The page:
The system of proxy voting appears likely to be repeated in the current elections, said the feisty female parliamentarian and champion of women's rights Shukriya Barakzai. "This is our concern. Our legal right to vote may be taken away. Women's voter cards are not required to have photographs. So the male members of the family can use them," she told EurasiaNet.
In the village of Sarkot in conservative Nangarhar Province's Sherzad District, on the Pakistani border, this female EurasiaNet correspondent was invited to visit the home of the largest landowning family, the local power brokers. Over 20 women of voting age live in this large extended family, but queried on whether or not they will vote, they do not comprehend the question until it is repeated several times.
"Of course not. We will give our votes to the [male] elders in the family and they will cast them," said a young woman. "We don't have permission to leave our homes for the polling station," she added.
Despite concerns about the participation of women, female activists are not sitting by idly. On August 4, between 1200 and 1500 female activists launched 'The 50 Percent Campaign' and the 'Five Million Campaign' in Kabul's Loya Jirga -- Grand Council -- tent, where equal rights for Afghan women were written into the country's constitution in 2004.
The idea is to boost female turnout.
Orzala Ashraf Nemat, a female rights activist who mobilized women from the eastern provinces for the campaign launch, is hopeful. "Yes there is insecurity. But I think people will put this to one side and come out to vote, because the voting is about a democratic transition of power and we have all experienced the violence of a non-democratic transition. You can see how 1500 women came together the morning after Kabul had a series of rocket attacks while the internationals stayed indoors," she said.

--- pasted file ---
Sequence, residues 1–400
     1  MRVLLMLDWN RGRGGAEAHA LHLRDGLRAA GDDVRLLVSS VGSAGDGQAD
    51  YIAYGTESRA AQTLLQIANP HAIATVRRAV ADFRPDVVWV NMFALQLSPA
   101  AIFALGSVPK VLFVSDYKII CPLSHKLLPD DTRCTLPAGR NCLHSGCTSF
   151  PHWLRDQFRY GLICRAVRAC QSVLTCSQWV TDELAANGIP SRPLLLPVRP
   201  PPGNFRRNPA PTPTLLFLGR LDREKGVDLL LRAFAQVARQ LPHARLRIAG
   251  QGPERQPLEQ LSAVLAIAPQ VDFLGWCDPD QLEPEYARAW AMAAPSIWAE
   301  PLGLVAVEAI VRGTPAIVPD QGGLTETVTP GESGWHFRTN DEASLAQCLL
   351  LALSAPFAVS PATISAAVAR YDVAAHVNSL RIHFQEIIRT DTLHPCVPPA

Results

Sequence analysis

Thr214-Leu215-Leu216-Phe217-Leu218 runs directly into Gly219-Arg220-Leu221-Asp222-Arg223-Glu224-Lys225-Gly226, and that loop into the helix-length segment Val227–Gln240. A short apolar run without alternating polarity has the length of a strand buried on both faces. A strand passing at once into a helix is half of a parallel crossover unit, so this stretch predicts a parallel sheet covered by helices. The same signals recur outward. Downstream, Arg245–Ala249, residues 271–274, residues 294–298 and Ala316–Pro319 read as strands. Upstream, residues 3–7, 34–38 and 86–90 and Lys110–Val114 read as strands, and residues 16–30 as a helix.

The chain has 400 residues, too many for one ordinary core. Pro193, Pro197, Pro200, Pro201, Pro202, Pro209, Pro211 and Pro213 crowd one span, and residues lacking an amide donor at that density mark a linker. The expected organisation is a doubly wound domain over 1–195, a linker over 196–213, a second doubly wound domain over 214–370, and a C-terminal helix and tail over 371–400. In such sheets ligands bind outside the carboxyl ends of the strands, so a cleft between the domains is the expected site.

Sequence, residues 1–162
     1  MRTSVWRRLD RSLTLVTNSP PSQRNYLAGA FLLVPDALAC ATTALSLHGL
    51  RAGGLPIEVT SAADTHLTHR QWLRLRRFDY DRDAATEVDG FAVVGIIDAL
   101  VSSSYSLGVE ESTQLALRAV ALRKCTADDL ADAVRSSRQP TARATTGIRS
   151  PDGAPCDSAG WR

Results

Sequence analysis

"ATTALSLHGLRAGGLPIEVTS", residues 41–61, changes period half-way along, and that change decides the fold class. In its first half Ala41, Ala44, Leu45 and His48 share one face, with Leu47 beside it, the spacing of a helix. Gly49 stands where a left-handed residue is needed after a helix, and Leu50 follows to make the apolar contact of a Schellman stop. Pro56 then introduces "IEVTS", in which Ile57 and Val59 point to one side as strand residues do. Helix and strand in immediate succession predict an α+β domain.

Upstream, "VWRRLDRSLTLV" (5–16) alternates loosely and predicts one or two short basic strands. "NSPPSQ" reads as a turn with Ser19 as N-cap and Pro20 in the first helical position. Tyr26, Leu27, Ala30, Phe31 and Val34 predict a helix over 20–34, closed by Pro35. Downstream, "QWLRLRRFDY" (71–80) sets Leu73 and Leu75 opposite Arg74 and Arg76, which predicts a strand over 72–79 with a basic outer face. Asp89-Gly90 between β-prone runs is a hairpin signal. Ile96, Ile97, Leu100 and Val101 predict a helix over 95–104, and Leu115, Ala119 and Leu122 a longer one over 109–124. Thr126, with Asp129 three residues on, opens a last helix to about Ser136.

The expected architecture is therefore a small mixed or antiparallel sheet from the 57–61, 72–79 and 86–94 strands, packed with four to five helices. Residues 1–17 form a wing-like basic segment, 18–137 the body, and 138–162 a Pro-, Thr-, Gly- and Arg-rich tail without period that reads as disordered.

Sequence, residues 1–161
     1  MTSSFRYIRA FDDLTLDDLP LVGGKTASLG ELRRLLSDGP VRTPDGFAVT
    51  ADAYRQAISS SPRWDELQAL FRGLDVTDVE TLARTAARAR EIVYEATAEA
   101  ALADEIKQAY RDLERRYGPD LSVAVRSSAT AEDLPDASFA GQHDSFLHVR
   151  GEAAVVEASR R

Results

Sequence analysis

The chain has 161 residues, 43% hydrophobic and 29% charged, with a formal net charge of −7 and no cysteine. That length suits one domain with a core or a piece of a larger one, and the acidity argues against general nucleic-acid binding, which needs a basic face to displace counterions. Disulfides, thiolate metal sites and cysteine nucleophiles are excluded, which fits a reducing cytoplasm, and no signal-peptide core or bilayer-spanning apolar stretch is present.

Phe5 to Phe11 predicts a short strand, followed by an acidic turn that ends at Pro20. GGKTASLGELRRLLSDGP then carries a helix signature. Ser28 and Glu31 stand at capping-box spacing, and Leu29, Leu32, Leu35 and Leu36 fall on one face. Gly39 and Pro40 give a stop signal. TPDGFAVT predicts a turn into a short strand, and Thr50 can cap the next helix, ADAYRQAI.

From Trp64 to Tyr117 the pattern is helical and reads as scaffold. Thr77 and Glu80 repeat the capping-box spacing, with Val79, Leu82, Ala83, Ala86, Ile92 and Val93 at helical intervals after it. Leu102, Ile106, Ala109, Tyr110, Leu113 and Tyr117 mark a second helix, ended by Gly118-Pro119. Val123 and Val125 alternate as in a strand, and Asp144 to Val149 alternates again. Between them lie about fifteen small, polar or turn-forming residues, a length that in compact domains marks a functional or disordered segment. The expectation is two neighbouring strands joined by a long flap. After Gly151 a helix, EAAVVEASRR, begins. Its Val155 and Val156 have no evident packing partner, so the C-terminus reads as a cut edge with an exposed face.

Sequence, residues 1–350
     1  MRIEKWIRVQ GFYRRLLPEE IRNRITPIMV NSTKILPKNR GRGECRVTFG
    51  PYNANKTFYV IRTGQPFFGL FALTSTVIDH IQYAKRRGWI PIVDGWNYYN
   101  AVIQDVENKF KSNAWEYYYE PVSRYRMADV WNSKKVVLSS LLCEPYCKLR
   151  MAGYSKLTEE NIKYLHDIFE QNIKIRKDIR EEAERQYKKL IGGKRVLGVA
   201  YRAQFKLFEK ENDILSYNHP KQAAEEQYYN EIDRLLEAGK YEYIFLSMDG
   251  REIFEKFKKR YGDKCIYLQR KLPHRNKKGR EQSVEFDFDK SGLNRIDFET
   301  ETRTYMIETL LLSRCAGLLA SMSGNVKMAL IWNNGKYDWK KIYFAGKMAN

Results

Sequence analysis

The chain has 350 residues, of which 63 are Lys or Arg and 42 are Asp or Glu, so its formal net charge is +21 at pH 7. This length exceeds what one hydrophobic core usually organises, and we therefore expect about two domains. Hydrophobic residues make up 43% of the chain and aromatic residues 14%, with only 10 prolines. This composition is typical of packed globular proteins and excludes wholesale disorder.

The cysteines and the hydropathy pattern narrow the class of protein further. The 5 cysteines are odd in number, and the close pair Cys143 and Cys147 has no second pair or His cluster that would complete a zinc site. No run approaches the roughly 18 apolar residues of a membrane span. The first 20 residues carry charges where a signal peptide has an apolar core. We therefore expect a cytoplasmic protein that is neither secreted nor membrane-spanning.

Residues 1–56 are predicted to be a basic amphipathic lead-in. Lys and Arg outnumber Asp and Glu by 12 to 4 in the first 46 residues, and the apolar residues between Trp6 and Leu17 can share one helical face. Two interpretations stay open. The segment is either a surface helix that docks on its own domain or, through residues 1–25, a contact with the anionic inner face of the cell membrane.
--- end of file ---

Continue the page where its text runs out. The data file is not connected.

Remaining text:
The activists have certainly managed to put women's issues higher on the agenda of some prominent candidates. While most campaigns scarcely mentioned women at first, this week prominent challengers Ashraf Ghani and Abdullah Abdullah took time off from their busy campaigns to participate in a discussion on women's rights hosted by an Afghan activist, Mahbouba Seraj. Missing from the platform was the incumbent president.
The government's lack of support has not gone unnoticed by the female activists. In the Loya Jirga tent where a photograph of Karzai looms large, the activists first tried to remove the image. Unsuccessful, they asked media outlets not to include the portrait of the president in their footage or photographs. "We don't want him using our event to get votes," said an activist. "We want the government to ensure our security so that we can go out and vote."
Aunohita Mojumdar is an Indian freelance journalist based in Kabul. She has reported on the South Asian region for the past 19 years.